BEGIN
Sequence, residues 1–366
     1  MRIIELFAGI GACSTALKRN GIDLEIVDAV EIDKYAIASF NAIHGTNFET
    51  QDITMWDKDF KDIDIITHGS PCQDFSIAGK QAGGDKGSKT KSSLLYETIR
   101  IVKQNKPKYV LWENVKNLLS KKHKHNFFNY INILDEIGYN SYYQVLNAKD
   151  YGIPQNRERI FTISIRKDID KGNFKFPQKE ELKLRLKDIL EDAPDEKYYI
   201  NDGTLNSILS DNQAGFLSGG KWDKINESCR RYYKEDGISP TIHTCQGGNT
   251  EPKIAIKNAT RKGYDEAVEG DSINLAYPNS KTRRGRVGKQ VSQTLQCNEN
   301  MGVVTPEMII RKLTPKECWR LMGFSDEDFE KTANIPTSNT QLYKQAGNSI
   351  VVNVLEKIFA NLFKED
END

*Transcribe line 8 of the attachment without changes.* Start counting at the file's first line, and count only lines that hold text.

   301  MGVVTPEMII RKLTPKECWR LMGFSDEDFE KTANIPTSNT QLYKQAGNSI